For Developers, Google Glass Looks To Be A Fascinating But Slightly Limited Platform

Last week, Google finally released the developer guides and other necessary documents that will allow developers to write apps for Glass. In some respects, the so-called Mirror API may have been a disappointment to developers who were expecting to run full-blown augmented-reality apps, but even in its current form, it will allow developers to create new experiences for their new and existing apps that just weren’t possible before.

One thing many developers may not have realized before Google published these documents is that the API is essentially an old-school RESTful service. The only way to interact with Glass is through the cloud. The only apps you can build – at least for now – are web-based, and despite the fact that Glass runs Android, you can’t run any services directly on the hardware.


Google may have made this choice for a number of reasons. It ensures that Glass’ battery life is reasonable (Google says it should last a full day, assuming you don’t record a lot of video), but this also means that if a service goes haywire and sends out a fresh cat picture to users every second, it can intervene and cut that service’s access off. Depending on how you look at this, that’s either a good or a bad thing, but Google is clearly interested in keeping some control over what’s happening on Glass for now.

The way the API works, however, also means there are things you can’t quite do with Glass yet that are possible on any modern smartphone. You can’t write a real augmented-reality app, for example. It also doesn’t look as if you could easily stream audio or video from the device to your own services (though you can obviously use Hangouts on Glass).

Because the platform is essentially web-based, you are also limited to HTML and CSS when it comes to styling your apps, and Google would prefer it if you didn’t write any custom CSS and just stuck with its own templates.

For the most part, though, developers will be able to approximate the experience Google shared in its first Glass demo video last year.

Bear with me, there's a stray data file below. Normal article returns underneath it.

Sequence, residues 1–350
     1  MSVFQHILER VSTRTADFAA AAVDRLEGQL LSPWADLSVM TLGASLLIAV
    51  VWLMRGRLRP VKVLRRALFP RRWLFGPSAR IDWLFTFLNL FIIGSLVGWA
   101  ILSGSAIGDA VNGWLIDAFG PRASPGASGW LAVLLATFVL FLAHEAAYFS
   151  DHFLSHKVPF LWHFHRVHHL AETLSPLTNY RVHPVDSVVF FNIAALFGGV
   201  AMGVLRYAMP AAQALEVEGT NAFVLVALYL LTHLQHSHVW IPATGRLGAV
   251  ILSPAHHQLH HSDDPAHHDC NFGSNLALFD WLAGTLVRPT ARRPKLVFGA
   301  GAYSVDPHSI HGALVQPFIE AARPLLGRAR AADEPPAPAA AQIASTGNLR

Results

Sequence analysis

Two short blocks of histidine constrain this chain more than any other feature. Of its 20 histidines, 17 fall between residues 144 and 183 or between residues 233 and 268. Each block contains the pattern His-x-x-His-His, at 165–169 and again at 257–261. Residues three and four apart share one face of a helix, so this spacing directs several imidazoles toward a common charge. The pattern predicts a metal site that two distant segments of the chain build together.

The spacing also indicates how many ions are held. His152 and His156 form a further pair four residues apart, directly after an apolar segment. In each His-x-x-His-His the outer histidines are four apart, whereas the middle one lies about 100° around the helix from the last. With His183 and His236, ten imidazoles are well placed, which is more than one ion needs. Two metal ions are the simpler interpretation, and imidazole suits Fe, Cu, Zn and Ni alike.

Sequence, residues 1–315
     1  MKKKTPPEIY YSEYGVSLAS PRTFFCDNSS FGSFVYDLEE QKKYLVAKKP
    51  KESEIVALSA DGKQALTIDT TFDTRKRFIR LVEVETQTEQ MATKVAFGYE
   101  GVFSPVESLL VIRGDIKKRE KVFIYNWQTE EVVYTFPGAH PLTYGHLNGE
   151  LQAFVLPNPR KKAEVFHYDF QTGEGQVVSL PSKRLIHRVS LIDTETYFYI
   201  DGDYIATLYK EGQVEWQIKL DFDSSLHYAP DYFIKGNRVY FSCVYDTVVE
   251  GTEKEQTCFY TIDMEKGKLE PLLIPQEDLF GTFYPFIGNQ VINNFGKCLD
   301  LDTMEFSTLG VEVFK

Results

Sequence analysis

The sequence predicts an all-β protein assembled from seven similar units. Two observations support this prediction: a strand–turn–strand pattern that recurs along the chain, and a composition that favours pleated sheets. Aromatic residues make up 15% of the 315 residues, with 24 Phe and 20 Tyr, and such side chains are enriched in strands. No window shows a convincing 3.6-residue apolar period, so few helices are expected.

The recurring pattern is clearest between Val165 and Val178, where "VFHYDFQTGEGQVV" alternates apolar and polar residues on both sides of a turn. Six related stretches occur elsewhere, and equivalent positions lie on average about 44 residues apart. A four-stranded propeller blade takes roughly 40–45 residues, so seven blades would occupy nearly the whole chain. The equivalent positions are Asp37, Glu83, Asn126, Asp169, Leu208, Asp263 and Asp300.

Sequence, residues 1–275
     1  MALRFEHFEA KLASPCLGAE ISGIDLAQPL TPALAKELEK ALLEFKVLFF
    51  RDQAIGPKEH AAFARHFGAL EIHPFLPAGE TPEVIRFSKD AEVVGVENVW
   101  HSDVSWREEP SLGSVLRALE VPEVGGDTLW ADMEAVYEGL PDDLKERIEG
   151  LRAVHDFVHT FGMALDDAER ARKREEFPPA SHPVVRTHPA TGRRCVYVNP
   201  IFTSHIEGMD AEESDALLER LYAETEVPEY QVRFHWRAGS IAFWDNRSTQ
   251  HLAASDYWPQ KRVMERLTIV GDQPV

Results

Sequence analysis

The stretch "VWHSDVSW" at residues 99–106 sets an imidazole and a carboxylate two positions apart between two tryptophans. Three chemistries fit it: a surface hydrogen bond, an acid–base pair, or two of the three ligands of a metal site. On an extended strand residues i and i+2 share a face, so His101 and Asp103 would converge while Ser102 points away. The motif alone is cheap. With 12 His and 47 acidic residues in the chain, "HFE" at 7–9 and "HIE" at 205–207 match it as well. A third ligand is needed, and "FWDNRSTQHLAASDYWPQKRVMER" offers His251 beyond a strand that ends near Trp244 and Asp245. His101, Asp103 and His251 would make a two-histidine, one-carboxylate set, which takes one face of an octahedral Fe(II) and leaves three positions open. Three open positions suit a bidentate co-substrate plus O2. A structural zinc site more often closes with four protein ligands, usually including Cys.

Assuming you have an Android phone, you will be able to create location-enabled apps. Users can send images to your service (so you could build a service that manipulates or analyzes these images in the cloud and then sends the results back to the user) and upload videos, too (and in return, you can also send audio, video and photos to the user).

What developers aren’t allowed to do (yet?), however, is to display advertising onto a user’s Glass screen or to sell their apps (unlawful gambling apps are also out of the question). Given the current size of the market for Glass apps, that’s not a huge issue. I expect that Google will allow developers to sell access to their apps in the future, but traditional ads just don’t make sense on this platform.

Google stresses that Glass is still a very new platform and that developers should keep this in mind when they write applications for it. That’s also why only developers who own the actual hardware can currently get API access.

For the time being then, developers will likely remain somewhat underwhelmed by the API. It’s worth remembering, however, that this is just a first release. Google could open the hardware up to more sophisticated apps in the future and/or enable access to more features through the current API. Without native apps, Glass won’t be able to do many things developers may have envisioned for it, but even with these limitations, I’m sure we’ll see a fair amount of innovative Glassware in the near future.